Plumbing 101: Mobile Homes | Terry's plumbing

Plumbing 101: Mobile Homes

Mobile home plumbing is a bit different than plumbing in a site-built home. This article will help you learn how mobile home plumbing differs from a site-built home, and, of course, the most common mobile home plumbing issues you need to be on the lookout for.


Mobile homes use the same basics as site-built homes in their plumbing system designs, but there are a few obvious differences between the two. The list below dives deeper into those differences:

  • Supply Line Location – The plumbing system of a mobile home is simplified for easy transport and installation but that doesn’t mean it’s inferior in any way. The location of the supply lines is different in mobile homes simply because the homes are built differently. Supply lines are what the water travels through to reach each fixture. In site-built homes, they are typically running inside the walls. In mobile homes, they are almost always buried under the floor.
  • Cut-Off Valves – Another big difference is the lack of cut-off valves in mobile homes–though newer models have these implemented now. It’s smart to have cut-off valves at every water source (faucet, tubs, and toilets). However, in older style mobile homes there was only one main cut-off. So, if you had to repair or replace anything on a mobile home plumbing system you have to use the main valve–cutting off water to the entire home–to decrease pressure in the lines.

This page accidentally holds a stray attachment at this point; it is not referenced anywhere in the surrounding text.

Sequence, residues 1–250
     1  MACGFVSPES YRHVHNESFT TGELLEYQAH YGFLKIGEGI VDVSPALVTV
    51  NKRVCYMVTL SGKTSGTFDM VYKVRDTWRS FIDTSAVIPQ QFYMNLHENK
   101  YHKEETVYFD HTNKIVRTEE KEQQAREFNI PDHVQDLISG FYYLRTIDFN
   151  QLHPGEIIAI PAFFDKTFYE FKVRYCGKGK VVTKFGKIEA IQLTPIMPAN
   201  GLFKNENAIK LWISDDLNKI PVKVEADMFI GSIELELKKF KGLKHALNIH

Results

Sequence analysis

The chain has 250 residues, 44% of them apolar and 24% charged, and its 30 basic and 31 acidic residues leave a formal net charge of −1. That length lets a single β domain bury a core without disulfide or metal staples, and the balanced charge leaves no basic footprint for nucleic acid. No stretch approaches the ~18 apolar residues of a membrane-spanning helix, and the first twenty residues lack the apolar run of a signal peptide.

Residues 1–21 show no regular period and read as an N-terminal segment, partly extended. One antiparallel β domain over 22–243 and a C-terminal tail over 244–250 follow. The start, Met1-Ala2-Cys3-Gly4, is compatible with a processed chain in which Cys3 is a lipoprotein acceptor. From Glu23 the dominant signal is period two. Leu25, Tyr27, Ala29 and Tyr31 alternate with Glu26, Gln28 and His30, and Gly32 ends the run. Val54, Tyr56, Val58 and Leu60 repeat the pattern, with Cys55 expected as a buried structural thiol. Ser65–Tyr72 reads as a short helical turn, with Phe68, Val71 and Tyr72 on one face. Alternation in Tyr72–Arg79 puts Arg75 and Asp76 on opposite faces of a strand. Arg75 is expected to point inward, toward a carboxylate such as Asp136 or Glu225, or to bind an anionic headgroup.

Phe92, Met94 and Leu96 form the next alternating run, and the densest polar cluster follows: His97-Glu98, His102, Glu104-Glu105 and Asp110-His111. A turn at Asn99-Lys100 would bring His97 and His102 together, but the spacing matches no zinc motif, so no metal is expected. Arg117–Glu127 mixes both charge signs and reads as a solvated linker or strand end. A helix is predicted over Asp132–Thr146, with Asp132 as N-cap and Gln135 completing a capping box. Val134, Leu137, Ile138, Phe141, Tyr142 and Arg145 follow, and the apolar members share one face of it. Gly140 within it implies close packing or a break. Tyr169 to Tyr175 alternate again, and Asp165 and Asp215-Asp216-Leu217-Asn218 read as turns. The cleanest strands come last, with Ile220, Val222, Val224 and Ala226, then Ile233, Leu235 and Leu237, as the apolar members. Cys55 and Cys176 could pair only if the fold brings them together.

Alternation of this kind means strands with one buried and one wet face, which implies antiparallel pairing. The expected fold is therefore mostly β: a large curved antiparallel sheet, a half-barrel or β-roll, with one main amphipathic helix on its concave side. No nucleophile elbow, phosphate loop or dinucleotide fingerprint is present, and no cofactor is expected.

• Pipe Sizes – Pipe size plays a big role in a plumbing system. Using a pipe that is too small for your venting can cause just as much trouble as using too small of a pipe for your waste line. Many mobile home builders install a smaller 3″ pipe for drainage and venting, while site-built homes would have 4″ pipe.

Common Plumbing Issues

Nasty smells – Ventilation issues are very common in mobile homes. Ventilation makes your pipes remain at neutral pressure. Without proper venting, your drainage slows and the water in your P-trap goes away, which in turn allows the nasty smells to escape into your home. Venting issues are hard to find. The easiest cases will either be a clogged vent stack, separation of a vent line somewhere, or a failed auto-vent under a sink.

Plumbing Leaks – Plumbing supply lines in mobile homes will rarely be inside a wall so you won’t need to worry too much about damage to walls. When there is a leak it’s usually the floors, sub-flooring, insulation, and HVAC ducts under the home that get damaged. If your flooring is made of composite wood or MDF it will soak water up like a sponge.

Clogged Sinks & Tubs – If there is a clog in your sink or tub, a plunger can work well. If you have a two-sided sink, close off one side by stuffing a rag into the drain and plunge the other side, then switch–continue this process until the clog is gone. If you have clog issues frequently, it may be time to find the underlying issue.

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